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  11 December 2017  |  Vol: 4 facebooktwitterrss  
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Artist profile: Stacie Smith

A mixed media artist filters through the world's ephemera, combining tickets stubs, pressed flowers, and photographs to create art that resonates through the combinations of the mundane. Like the optometrist who clicks the lens into place, asking, “Better?” until the blurred lines go away, the artist focuses their selected parts into a single viewable parcel. Local artist Stacie Smith’s work shows both generosity and sparseness in its palimpsests of gathered objects.

“Mixed media feels soulful to me,” Smith says, sitting in her concise studio, sorting through receipts from a recent trip to Minneapolis. The receipts will lend their texture and inked numbers to a new collage. “There’s more of a dialogue with this art form.”

In the last couple of years she’s stretched into mixed media collage. Incorporating things she finds—bits of papers she’s accumulated, trash, paint, and photographs—Smith works with an openness that allows the free flow of emotions and messages. Smith is more than her family name; she is a metalsmith who teaches the craft at Bozeman High School.

“My process is how I process life,” she says. “I think a lot about sense of place. So I started picking up pieces from the ground, a leaf, a postcard, papers. They feel like treasures and that validates things for me.”

Unscrewing the lid on a jar of matte medium—an upscale artists' version of Mod Podge—Smith picks up a brush and runs her fingers across the bristles, while she eyes the pile of papers she’s just emptied from her wallet. Choosing a restaurant receipt she applies a generous coat to the wood panel and to the flimsy paper as well.

“I don’t want to get too attached to things, I want to stay open to the process,” she says, wiping off the excess glue. She chooses a movie receipt next, creating an underlayer that may or may not be visible in the final piece. “My work is becoming a visual diary for me," Smith says while using scissors to cut out a silhouette of a dancer, adhering it to the work in progress.

The tradition of collage as art is ancient, going back to the Byzantine Empire with their use of gold leaf. 20th-Century Dada artists like Picasso, Georges Braque and Hannah Hoch expanded the medium, bringing a sense of exposure and social commentary along with the use of everyday objects set against text and paint.

“When I work with metals there’s a pressure of doing things the right way, because that’s what I teach,” she says, picking up a graphite pencil and scoring a line down one side of the piece. “But when I’m working with mixed media I’m more open to the innocence of the work and maybe that’s where the surprise comes in.”

Her latest work can be seen at Oh Susannah’s Jewelry in the Emerson until July 10th.

“Being a teacher, I wanted to practice what I preach,” she says. “How do I keep my hand in my art? I decided to do one painting a month for year.”

The result is the stunning show called, “Play Along,” in which the piece “LOCKDOWN,” is a standout.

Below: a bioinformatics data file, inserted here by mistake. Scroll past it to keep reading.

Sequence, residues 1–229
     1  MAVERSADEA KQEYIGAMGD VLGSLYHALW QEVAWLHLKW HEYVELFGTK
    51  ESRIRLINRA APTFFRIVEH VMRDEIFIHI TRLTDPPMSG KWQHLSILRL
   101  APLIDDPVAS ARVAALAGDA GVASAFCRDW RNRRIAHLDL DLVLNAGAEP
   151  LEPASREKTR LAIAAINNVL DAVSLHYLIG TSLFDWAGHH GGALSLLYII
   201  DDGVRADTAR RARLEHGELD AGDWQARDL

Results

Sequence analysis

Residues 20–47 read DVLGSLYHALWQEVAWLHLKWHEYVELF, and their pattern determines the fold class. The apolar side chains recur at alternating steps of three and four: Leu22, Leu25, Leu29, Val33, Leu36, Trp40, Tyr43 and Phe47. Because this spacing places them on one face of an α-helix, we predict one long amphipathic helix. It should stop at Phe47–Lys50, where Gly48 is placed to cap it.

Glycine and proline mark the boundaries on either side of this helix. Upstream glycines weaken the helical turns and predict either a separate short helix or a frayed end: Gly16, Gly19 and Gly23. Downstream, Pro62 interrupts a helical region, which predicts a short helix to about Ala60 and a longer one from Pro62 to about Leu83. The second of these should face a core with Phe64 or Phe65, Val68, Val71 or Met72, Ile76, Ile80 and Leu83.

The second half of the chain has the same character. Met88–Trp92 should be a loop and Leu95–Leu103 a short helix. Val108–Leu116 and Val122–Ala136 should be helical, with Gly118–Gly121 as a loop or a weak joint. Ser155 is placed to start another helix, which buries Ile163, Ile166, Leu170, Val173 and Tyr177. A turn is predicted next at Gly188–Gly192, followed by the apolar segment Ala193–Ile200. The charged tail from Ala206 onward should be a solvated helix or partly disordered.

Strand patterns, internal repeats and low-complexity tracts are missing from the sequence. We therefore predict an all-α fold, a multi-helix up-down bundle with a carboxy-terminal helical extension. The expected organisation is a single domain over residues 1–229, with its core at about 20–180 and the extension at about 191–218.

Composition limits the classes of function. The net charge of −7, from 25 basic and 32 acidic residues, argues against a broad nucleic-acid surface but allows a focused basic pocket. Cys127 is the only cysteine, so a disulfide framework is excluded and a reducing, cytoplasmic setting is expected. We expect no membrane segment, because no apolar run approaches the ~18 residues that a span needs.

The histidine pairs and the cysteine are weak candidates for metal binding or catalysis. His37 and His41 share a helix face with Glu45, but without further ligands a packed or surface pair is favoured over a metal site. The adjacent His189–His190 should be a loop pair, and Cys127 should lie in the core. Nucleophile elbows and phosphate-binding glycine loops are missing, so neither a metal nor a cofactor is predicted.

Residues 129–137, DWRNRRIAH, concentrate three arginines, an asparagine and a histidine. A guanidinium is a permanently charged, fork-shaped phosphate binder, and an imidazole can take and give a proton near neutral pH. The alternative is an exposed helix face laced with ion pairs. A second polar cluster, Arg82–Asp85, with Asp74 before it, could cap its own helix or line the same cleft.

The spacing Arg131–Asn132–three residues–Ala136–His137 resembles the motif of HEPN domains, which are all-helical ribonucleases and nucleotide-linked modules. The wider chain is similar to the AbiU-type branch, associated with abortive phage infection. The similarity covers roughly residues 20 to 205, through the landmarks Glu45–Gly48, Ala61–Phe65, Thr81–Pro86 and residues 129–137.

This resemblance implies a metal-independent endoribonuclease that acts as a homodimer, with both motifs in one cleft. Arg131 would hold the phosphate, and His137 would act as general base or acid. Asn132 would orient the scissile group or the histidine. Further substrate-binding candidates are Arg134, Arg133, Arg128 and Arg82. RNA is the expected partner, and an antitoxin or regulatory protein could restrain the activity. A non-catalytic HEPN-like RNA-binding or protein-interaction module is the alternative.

“This is the last piece I did for the series,” she says. “It was December and the Sandy Hook school shooting had just happened.”

Working in the public school system, Smith began thinking about her own standards of safety at the high school when Bozeman High, along with many nationwide, reacted to the Connecticut shooting with its own lockdown.

“On the Friday after Sandy Hook the principal came on over the intercom and told us this was a lockdown, and I could tell from the tone in his voice that it wasn’t a practice drill,” she says. “None of us knew what was going on. There were so many glitches, and it really instilled fear in all of us.”

The art piece looks at the history of school shootings. On the upper right corner is a library due card stamped with the dates of domestic school shootings; it begins with April 20, 1999, the date of the Columbine High School tragedy, and lists eighteen events ending with Sandy Hook Elementary.

“I started doing the research and was shocked at the number of shootings in this country,” Smith says.

There is also a library book cardholder containing the lockdown procedures for the high school and the class photos of the six students that were in the lockdown with Smith. But the most powerful image is the main one, a 1963 archival photograph of a little girl smiling, holding a flag in one hand and a handgun in the other. Around her head is the Betsy Ross circle of “stars” made with sequins. Smith uses pastel colors, which brings a sad naiveté to the overall piece. Layered underneath are former student’s sketchbook pages, overlaid with handgun transfer images and a columbine flower.

Not all the paintings in the show focus on powerful public events like "LOCKDOWN." Some of her pieces are more introspective, like “January.”

“The January piece is about my aunt and my relationship with her,” Smith says. “She was the first person to give me a camera. Recently, she came back into my life, so it’s a sweet thing, a tribute.”

Taken as a whole, "Play Along" lingers in the mind. The reminder is not only of the passing of time, month by month a piece of ourselves laid bare inside our jailed hearts, but the job of art to use each image like a key, to jab into our cage and let our tiny legs run free in the drouth.


Link here for the complete listing of Michele Corriel's artist profiles for the Magpie.

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